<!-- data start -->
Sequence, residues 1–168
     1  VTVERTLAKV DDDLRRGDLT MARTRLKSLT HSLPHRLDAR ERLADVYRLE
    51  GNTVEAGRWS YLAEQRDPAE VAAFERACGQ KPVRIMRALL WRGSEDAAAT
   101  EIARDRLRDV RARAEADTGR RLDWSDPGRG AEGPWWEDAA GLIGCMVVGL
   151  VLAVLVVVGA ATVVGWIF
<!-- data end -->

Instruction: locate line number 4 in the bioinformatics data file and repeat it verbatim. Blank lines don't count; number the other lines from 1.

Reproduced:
   101  EIARDRLRDV RARAEADTGR RLDWSDPGRG AEGPWWEDAA GLIGCMVVGL